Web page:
Reprinted with permission from Under the Radar Magazine’s Web site.
Subnormality is one of my favorite webcomics. Well, let me restate that: it’s one of my favorite comics, period, and it’s one of my favorite things to check out on the Internet.
Winston Rowntree, the pseudonymous creator of Subnormality, has really captured something that is more than the sum of the comic’s wholly enjoyable parts. The art is vibrant and busy and pretty tightly rendered, which really emphasizes the goofiness, scariness, attractiveness, or awkwardness of the various characters and situations. The characters are tempered in personality and originality, both artwise and wordwise. Perhaps some of the humor—and philosophy—can be gleaned from the home page’s tag phrase of “Comix with too many words since 2007.” Many of Rowntree’s comics demand a time commitment; many demand a reader put some of his or her grey matter to use. In my book, these are good things. An artist with a voice and vision that makes a supposedly limited medium (the Web) work for him, against conventional wisdom.
I caught up with Rowntree to talk about his Web property. We tackled webcomics versus print in terms of consumption, coverage, and criticism, as well as his origins as a creator and more.
You mentioned something pretty interesting to me the other day —that the review I wrote about another one of your works for The Daily Crosshatch was “one of the few times my work was actually mentioned on a comix site.” This kind of blew my mind—my perception of Subnormality is that it’s pretty damned popular (lots of votes on Reddit + conversations about favorite recurring characters and such on that huge online community, for instance). Do you have an opinion on the disconnect between webcomics and traditional comics in terms of coverage, analysis, and consumption?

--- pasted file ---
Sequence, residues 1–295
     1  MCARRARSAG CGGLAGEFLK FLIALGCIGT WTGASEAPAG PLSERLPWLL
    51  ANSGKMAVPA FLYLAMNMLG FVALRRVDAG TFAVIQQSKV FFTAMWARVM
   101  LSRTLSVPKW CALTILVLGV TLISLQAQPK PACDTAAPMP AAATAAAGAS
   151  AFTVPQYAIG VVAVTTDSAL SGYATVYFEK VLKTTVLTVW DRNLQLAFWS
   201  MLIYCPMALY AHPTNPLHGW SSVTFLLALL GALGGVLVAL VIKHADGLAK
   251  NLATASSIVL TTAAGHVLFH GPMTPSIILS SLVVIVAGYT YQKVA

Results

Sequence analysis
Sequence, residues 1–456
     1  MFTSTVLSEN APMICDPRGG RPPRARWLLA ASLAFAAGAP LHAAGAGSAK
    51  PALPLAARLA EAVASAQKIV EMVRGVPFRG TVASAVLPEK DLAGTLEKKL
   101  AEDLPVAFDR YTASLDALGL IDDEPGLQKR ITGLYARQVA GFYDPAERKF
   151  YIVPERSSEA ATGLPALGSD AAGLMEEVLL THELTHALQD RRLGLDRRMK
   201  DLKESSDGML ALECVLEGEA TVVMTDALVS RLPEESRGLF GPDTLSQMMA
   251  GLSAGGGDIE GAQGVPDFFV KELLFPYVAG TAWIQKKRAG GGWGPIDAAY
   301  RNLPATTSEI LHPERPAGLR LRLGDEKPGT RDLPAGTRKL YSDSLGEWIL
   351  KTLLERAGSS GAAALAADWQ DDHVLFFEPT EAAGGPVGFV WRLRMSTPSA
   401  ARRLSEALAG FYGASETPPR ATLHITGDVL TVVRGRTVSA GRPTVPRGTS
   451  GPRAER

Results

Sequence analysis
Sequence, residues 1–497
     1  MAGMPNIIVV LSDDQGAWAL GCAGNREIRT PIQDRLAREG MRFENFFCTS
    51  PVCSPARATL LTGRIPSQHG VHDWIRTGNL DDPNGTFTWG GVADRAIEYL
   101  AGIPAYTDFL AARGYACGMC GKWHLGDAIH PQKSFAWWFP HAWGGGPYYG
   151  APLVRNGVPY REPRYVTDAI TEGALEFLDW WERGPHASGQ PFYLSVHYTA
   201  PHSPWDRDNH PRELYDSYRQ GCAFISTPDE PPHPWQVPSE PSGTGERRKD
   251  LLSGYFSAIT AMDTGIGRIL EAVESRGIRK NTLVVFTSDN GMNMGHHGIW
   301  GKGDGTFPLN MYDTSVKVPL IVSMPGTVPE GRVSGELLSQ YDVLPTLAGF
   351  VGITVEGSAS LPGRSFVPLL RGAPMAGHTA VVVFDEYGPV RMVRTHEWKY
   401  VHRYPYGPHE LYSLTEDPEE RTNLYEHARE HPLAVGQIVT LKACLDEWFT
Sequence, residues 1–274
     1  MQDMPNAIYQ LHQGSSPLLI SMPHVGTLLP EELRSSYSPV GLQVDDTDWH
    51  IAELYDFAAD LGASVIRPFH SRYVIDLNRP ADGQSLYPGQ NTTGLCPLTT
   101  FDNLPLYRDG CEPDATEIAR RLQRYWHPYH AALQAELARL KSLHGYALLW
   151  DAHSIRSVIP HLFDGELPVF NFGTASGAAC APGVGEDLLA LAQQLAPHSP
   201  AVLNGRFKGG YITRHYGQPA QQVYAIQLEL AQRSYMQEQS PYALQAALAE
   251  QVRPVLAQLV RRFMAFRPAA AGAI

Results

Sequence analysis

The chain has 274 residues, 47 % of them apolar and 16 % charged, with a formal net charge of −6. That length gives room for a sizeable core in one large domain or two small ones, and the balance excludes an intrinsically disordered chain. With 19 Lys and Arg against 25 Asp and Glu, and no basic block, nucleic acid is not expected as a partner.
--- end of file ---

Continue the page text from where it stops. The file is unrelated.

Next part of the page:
Winston Rowntree: Well, there’s certainly a disconnect between what people are actually reading and what’s being covered by relevant media sources, such as they are—the few blogs and awards and so on that acknowledge webcomics to begin with. And compared with print comics there’s definitely a huge gulf in terms of coverage and analysis, and when you talk about the respective audience numbers of both I’d be very surprised indeed if that’s justified. I think there a lot of people who only read comics online —the kind of people who would never go into a physical comic book store. They’re exactly the kind of readers the sequential art medium as a whole needs, in other words—the kind that will help the medium grow from a niche (yes, I would argue that it’s still a niche) to something that can perhaps one day, as a whole, rival other mediums in terms of artistic impact. People are reading comics, lots of people! Non-fanboy people! That’s a news story, but it’s one you never read about. You just read about print comics, and it’s because print comics cost money and webcomics don’t. If it’s free then it’s not important, even if it has 10 times the readership of a given print comic. That’s an attitude I guess you have to expect in a capitalist society, but it’ll never stop bothering me. Readership is the story. What the nature of a particular comic says about the audience that’s reading it is the story. People are the story, not best-seller lists. Obviously I sound just cartoonishly idealistic here, but I don’t care.